Formula Operators

SGS uses a specific set of operators to define the stat formulas. These extend a small subset of typical mathematical operators with a couple new tricks.

Players need to know how to use these so they can calculate their Thresholds, Pools, and any other generated statistics when their stats change.

GMs need to know how to use these so that they can calculate the same stats when creating new entities or modifying existing ones.

If you're exclusively using one of the SGS software apps, you might not need to use these manually very much.


These operators don't have arguments, and don't need parentheses.


A number is any decimal or integer number, positive or negative. Fractions are not allowed, look at divide for that.

  • 1
  • 1.5
  • 312
  • 0.3333333
  • -9
  • -4.545454

Number Types

The programs handle numbers differently depending on whether they're whole numbers or decimals. When making formulas though, you don't really need to specify one or the other, just write your number, whether it's -23.123 or 6.


A stat ref is a reference to a stat. When calculating the formula by hand, find the stat with this name and use its value in this spot in the formula. When the formula is parsed by the program, it'll go fetch the value of the calculating entity's stat of that name.

  • Agility
  • Physical Graze
  • Armor

Unary Operators

These operators take exactly 1 argument.


The Best operator chooses the best value of a stat from the entity or any of its equipment. It's written with the name of the stat as its argument. Don't pass Best a number, it'll have no idea what you're talking about. If you want the best of multiple stats, do the Best of each stat separately inside a Max.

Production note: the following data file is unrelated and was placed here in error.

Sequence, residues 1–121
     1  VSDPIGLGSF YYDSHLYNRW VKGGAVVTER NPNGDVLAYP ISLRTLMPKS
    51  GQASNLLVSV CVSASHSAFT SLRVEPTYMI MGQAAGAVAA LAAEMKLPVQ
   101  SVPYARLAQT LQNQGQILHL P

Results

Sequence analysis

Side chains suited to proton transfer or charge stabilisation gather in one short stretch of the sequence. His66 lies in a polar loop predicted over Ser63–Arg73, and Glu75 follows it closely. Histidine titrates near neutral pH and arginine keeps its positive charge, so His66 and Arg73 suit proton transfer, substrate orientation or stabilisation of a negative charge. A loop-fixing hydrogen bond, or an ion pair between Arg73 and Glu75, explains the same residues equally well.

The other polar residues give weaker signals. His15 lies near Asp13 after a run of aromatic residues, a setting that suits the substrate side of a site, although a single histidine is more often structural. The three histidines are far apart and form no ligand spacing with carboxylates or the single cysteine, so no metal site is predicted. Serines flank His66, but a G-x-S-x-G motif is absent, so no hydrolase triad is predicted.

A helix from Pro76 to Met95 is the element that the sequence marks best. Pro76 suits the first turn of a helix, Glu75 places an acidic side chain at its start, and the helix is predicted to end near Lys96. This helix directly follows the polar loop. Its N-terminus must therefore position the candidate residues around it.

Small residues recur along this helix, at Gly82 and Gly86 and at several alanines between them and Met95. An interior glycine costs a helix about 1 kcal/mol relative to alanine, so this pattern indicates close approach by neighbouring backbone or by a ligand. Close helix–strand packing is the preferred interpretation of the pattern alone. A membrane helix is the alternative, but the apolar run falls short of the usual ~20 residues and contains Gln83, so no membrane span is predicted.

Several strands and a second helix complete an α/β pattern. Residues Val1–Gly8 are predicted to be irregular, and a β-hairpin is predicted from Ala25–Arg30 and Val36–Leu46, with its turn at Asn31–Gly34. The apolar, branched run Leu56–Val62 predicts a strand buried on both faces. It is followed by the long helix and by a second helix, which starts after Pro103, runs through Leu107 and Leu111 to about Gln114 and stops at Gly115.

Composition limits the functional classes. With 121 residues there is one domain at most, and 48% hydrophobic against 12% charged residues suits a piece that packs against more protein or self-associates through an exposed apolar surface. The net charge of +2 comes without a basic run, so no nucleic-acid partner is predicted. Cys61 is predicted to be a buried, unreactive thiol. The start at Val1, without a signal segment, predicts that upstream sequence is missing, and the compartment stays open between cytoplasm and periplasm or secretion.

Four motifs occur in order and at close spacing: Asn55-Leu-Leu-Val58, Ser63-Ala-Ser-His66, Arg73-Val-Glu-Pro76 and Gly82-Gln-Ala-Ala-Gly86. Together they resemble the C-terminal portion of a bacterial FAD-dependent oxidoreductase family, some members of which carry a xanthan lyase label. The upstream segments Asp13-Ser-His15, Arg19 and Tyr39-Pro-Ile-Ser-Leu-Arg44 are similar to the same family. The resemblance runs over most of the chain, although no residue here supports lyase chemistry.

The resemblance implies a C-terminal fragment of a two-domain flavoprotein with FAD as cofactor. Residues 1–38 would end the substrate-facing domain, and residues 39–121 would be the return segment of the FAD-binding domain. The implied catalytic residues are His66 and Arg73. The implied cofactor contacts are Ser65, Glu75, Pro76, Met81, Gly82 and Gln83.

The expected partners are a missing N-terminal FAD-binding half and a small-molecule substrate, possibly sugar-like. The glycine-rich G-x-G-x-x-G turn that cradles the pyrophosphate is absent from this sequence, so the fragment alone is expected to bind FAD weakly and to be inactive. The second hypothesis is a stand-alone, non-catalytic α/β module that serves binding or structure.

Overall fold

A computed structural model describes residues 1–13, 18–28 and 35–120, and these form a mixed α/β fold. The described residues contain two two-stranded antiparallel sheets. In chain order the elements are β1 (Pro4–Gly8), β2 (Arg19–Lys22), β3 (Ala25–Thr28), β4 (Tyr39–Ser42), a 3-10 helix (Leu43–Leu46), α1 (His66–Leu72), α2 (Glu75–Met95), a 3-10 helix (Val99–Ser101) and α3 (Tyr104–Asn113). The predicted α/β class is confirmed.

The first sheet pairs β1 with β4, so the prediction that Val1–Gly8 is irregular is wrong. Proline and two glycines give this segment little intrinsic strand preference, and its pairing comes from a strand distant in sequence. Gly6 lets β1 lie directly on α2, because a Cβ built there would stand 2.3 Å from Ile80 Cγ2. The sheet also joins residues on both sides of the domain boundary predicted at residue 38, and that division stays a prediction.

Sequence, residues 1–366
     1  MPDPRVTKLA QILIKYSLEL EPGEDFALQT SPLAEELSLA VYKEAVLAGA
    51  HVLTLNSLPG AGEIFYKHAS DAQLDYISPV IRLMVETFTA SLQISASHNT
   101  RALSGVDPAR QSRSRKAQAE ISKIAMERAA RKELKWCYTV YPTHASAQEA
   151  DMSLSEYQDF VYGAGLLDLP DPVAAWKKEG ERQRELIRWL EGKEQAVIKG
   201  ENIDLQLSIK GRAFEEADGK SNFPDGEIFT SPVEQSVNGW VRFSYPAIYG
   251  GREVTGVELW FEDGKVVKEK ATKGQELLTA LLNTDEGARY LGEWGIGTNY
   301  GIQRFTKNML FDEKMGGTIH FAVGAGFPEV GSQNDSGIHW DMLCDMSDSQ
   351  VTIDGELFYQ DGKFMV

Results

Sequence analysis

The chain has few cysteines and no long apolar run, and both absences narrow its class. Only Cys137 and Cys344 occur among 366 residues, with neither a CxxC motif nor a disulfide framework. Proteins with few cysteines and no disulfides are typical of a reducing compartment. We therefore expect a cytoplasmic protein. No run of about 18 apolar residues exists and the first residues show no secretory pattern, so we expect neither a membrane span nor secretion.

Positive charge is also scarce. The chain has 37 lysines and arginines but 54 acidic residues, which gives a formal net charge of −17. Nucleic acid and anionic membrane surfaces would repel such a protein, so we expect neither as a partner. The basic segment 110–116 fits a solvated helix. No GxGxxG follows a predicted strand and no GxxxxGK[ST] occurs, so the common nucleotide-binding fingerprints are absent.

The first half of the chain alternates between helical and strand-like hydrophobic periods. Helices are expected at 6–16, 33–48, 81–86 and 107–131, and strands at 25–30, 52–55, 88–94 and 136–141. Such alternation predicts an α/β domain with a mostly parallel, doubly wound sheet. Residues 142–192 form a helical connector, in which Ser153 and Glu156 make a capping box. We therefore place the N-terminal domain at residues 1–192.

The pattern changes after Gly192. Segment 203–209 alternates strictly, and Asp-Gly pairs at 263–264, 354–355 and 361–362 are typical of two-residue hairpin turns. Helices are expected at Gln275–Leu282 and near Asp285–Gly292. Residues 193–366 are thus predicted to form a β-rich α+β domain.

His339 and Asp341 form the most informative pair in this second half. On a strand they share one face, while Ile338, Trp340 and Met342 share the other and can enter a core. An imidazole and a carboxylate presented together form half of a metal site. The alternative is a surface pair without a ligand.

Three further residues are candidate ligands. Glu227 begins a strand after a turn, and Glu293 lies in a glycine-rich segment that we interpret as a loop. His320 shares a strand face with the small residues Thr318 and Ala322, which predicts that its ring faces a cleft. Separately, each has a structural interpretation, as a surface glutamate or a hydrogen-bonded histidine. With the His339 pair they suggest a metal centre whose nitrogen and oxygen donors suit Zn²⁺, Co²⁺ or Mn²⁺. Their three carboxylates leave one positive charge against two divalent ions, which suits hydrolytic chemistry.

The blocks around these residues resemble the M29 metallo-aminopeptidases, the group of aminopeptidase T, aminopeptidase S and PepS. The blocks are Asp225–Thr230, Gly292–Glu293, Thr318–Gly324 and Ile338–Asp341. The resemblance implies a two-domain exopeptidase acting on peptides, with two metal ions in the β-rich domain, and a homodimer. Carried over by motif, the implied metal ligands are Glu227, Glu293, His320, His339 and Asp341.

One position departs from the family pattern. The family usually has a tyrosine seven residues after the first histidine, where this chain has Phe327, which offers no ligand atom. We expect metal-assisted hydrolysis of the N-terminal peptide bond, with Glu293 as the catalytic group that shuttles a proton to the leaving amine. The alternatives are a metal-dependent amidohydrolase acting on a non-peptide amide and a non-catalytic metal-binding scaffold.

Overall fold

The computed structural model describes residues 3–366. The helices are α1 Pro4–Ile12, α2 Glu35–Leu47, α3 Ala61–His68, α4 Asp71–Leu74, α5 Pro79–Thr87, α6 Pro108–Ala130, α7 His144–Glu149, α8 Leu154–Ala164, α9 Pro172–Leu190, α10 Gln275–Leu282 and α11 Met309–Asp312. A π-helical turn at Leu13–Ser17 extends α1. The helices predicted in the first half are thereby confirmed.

• Best(Armor)
  • Best(Arcana)
  • Best(Health)


These operators take exactly 2 arguments. Binary operators have two ways to write them:

  • Function: Add(a, b)
    • The operator (+ etc) is not included here. Instead, the arguments are separated by commas (,).
  • Operator: (a + b)
    • Using the operator method still requires the use of parentheses; you'll get an error if you do something like 1+2+3+4. For our parser to handle that properly, you'd have to write ((1+2)+(3+4)), or use Sum(1, 2, 3, 4) instead.
    • When the program saves your file back out, it'll usually bias towards the operator notation, so if you write Add(Arcana, Knowledge), it'll probably show up in your .md file as (Arcana + Knowledge) instead, but they're logically the same thing.


Add takes one number and adds it to another. There are two ways to write it. See also Sum.

  • Add(5, 5)
  • (5 + 5)


Divide takes one number and divides it by another. There are two ways to write it.

  • Divide(1, 2)
  • (1 / 2)


Multiply takes one number and multiplies it by another. There are three ways to write it.

  • Multiply(3, 3)
  • (3 × 3)
  • (3 * 3)

Note that method 2 uses the actual multiplication character ×, not the letter x character. Since the × is hard to write, you can also use asterisk * like in a calculator app. The program will usually replace it with the technically correct ×.

This is for technical reasons. You could theoretically have a stat called (letter) "x", so we avoid using it for the multiplication symbol.


Subtract takes one number and subtracts the other from it. There are two ways to write it.

  • Subtract(10, 5)
  • (10 - 5)


These operators take one or more arguments. Arguments are always separated by a comma.


Average takes the average of all the arguments and returns that value as a decimal.

  • Average(5, 6, 7, 10)
  • Average(Agility, Creativity, Knowledge)


Max takes the largest value from the list of arguments.

  • Max(1, 10, 100, 1000)
  • Max(Agilty, Creativity, Knowledge)


Min takes the smallest value from the list of arguments.

  • Min(1, 10, 100, 1000)
  • Min(Agilty, Creativity, Knowledge)


Sum adds all the arguments together.

  • Sum(1, 10, 100, 1000)
  • Sum(Agilty, Creativity, Knowledge)